BT v Crown Prosecution Service: CA 16 Dec 1997

The plaintiff appealed against dismissal of his claim for malicious prosecution brought against the Service.
Held: Actions for malicious prosecution, against the Crown Prosecution Service are to be examined closely to ensure that they are not a mere circumvention of negligence immunity: ‘The fact that someone in the Crown Prosecution Service may have been negligent or incompetent in the course of reaching a decision to commence or to continue the prosecution – whether by failing to evaluate the evidence correctly at the outset, or in failing to review the evidence after committal or in the light of new material – cannot, in itself, justify an inference of malice. If that is all the evidence that there is, the question of malice cannot be left to the jury. It is because, in many of these cases, that that will be all the evidence there is, an attempt to dress up a claim in respect of negligence or incompetence in the guise of malicious prosecution must fail. ‘ The question to be asked was whether there was ‘a proper case to lay before the court’.


Kennedy, Judge, Chadwick LJJ


Times 29-Dec-1997, [1997] EWCA Civ 3000




England and Wales


CitedHicks v Faulkner 1878
Before charging a prisoner, a police officer must have ‘an honest belief in the guilt of the accused based upon a full conviction, founded upon reasonable grounds, of the existence of a state of circumstances, which, assuming them to be true, would . .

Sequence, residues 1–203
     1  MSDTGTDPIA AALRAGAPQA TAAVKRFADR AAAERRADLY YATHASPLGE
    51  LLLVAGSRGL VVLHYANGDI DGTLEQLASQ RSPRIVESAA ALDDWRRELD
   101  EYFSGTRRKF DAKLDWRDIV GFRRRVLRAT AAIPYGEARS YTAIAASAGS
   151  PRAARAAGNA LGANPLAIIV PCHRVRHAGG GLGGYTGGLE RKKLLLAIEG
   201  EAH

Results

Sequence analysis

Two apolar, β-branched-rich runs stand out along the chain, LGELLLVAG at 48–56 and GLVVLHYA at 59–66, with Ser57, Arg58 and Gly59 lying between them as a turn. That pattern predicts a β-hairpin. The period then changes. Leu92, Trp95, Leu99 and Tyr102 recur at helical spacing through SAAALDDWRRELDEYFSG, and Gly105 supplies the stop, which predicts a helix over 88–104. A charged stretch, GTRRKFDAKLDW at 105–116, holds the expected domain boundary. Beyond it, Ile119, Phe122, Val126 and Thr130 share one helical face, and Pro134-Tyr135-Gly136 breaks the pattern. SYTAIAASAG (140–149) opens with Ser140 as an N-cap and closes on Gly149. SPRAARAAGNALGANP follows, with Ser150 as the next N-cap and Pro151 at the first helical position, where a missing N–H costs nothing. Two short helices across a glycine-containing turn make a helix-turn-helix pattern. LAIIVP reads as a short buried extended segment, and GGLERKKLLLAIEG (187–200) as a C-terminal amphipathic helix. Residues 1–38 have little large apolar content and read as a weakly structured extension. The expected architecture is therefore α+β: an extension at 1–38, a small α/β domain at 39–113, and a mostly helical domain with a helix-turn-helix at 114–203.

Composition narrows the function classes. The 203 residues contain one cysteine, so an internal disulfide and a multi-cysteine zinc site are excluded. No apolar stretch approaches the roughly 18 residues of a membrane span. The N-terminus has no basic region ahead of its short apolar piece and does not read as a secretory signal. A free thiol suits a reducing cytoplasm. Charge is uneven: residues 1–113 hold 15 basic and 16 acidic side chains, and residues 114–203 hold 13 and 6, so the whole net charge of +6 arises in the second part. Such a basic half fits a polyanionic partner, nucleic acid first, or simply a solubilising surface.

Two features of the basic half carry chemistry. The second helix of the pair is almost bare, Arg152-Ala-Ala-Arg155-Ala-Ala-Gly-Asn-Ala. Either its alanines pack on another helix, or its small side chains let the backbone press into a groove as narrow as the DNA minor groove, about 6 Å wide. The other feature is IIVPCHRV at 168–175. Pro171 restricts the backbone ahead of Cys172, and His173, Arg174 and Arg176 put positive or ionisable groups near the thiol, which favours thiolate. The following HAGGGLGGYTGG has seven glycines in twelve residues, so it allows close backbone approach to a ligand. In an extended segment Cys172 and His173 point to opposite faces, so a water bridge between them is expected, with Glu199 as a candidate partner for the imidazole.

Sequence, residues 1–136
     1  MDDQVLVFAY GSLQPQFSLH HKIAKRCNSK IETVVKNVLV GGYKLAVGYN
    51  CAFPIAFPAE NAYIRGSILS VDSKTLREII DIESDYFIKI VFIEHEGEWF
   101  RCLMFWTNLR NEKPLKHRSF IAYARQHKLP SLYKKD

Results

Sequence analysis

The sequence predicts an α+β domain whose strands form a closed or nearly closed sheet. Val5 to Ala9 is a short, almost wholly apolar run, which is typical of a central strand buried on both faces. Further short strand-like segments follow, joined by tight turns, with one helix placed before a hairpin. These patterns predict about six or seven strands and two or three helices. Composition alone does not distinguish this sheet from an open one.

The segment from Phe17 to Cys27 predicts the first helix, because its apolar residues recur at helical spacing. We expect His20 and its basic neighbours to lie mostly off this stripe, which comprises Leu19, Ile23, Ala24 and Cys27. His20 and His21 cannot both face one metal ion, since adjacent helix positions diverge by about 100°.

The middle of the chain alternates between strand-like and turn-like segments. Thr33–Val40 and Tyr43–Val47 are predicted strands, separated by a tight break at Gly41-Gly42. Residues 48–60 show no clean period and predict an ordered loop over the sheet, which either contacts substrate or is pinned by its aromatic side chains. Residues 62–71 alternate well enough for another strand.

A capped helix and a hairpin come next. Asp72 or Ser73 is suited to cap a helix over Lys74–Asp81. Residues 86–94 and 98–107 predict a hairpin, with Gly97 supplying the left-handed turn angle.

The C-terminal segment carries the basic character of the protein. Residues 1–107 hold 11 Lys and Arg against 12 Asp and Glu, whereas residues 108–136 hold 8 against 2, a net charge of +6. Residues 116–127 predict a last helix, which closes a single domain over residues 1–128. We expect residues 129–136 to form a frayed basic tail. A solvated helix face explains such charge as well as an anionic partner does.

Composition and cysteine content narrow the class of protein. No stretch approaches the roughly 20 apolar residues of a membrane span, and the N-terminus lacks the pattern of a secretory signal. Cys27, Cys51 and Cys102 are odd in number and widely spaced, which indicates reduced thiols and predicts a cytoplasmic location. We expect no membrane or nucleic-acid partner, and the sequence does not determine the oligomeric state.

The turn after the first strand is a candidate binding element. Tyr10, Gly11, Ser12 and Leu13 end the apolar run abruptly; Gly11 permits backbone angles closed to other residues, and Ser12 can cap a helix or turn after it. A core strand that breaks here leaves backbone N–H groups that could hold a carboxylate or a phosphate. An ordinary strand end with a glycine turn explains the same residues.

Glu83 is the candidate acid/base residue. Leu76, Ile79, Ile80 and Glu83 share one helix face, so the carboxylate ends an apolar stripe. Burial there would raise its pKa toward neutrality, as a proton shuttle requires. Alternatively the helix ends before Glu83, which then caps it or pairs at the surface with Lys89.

CitedElguzouli-Daf v Commissioner of Police of the Metropolis and Another CA 16-Nov-1994
The Court upheld decisions striking out actions for negligence brought by claimants who had been arrested and held in custody during criminal investigations which were later discontinued. The Crown Prosecution Service owes no general duty of care to . .
CitedGlinski v McIver HL 1962
The court considered the tort of malicious prosecution when committed by a police officer, saying ‘But these cases must be carefully watched so as to see that there really is some evidence from his conduct that he knew it was a groundless charge.’ . .
CitedBrown v Hawkes CA 1891
The court considered the issue of malice as an element of malicious prosecution. It is a matter to be proved by the plaintiff or the case may be withdrawn, but in a proper case it may be inferred from want of reasonable and probable cause although . .

Cited by:

CitedHowarth v Gwent Constabulary and Another QBD 1-Nov-2011
The claimant alleged malicious prosecution and misfeasance in public office against the defendant. He had been charged with perverting the course of justice. He had worked for a firm of solicitors specialising in defending road traffic prosecutions. . .
Lists of cited by and citing cases may be incomplete.

Torts – Other, Legal Professions

Updated: 13 November 2022; Ref: scu.143399